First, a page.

Destroy this temple, and in three days I will raise it up.
When Jesus arrives in town and speaks of the Temple's impending destruction, the Gospels depict him trafficking in incredibly potent ideas. He offends powerful people, whose convictions are deeply rooted in the cultural identities and religious values they affirm.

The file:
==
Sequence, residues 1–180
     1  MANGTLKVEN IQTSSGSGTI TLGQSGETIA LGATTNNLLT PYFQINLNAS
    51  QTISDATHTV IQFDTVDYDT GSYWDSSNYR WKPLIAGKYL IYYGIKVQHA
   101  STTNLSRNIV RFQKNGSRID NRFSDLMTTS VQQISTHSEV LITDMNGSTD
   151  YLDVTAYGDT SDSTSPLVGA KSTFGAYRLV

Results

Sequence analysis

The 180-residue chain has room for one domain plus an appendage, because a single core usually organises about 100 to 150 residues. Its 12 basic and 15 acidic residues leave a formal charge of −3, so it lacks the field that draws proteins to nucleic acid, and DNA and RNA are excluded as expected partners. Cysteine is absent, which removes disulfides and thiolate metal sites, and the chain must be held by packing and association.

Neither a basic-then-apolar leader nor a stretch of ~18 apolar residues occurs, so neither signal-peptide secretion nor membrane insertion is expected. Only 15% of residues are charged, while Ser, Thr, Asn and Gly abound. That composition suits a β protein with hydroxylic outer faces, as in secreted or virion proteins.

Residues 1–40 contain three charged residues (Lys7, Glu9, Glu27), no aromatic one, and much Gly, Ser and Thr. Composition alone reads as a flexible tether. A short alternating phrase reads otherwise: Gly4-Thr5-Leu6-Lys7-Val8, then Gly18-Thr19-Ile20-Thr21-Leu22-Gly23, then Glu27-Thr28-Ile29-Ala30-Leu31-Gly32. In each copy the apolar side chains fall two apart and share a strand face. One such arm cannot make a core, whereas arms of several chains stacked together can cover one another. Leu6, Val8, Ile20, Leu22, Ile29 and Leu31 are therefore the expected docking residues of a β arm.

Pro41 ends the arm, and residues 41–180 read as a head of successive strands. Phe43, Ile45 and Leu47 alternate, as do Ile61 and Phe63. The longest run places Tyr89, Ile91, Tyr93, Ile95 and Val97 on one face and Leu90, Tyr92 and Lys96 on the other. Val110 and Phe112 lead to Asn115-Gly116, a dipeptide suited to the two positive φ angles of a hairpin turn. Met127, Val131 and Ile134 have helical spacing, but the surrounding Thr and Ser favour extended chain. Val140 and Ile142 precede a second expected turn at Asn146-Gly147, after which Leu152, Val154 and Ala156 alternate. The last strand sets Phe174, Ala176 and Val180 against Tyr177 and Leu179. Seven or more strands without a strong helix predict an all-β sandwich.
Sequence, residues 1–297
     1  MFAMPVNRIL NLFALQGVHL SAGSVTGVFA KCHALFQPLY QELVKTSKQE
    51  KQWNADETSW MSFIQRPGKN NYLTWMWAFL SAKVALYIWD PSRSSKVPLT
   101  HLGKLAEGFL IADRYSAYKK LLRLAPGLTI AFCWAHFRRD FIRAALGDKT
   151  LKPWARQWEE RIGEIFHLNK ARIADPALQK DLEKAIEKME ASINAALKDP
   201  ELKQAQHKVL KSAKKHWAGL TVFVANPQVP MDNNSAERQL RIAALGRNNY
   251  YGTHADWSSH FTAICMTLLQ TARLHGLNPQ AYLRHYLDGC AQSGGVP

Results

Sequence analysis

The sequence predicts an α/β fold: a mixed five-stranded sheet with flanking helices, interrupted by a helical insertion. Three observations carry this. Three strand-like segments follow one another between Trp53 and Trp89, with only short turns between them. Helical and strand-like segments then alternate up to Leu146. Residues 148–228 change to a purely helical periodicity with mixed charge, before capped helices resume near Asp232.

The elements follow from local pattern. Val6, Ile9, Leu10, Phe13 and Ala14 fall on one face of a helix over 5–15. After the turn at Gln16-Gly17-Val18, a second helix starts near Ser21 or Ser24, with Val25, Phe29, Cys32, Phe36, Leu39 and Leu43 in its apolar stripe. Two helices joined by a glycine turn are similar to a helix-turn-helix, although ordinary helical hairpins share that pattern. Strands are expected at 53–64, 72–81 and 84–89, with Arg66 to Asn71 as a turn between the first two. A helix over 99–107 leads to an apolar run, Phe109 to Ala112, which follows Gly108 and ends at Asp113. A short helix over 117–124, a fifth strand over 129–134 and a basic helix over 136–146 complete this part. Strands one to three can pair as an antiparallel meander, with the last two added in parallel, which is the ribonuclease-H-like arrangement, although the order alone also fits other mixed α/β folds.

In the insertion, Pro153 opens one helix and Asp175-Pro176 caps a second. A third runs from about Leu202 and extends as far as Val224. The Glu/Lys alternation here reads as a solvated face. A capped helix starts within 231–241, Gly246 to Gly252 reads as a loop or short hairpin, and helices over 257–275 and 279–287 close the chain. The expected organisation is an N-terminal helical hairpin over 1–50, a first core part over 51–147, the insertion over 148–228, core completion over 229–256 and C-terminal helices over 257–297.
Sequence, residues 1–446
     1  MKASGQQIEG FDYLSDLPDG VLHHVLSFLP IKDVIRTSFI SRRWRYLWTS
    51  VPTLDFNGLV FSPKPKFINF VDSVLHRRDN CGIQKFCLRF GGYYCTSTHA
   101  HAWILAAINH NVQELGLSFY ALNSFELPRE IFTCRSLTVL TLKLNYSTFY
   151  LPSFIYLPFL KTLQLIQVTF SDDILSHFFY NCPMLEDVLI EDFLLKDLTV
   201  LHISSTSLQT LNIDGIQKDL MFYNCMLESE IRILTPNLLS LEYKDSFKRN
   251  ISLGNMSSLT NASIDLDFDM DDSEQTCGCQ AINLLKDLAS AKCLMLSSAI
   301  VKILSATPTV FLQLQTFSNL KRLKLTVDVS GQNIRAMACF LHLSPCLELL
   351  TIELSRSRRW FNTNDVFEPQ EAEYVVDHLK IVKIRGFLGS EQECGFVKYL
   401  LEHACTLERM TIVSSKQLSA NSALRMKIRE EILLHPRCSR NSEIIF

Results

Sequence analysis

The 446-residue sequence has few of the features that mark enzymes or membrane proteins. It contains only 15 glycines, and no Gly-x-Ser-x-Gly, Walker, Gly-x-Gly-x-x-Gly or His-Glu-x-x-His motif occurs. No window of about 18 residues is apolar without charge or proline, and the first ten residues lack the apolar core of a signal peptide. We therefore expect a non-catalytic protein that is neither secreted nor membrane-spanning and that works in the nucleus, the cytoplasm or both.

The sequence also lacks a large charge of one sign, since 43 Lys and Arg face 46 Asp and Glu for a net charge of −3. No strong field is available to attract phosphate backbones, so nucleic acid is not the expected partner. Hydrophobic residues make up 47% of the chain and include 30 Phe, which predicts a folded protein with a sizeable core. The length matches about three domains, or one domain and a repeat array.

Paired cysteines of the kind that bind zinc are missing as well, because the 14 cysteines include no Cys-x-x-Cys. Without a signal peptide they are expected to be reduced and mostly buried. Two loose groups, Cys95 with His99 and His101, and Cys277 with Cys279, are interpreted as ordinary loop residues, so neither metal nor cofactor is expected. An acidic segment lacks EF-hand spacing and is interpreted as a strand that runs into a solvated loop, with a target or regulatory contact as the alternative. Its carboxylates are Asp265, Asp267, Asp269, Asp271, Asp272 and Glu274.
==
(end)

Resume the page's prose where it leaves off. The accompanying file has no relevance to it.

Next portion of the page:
For Christians, the idea of God becoming accessible through the resurrected Jesus has a powerful (and empowering) consequence: God's presence becomes pervasive and extremely public. A hallowed temple is unnecessary, because God's presence, God's promises and our hopes for God's future aren't located in a specific site. Jesus, who now dwells among his people (and beyond), makes God accessible and extends God's presence into all aspects of our lives. Everything therefore has potential to be "sacred," meaning every dimension of daily living may become a place for encountering God.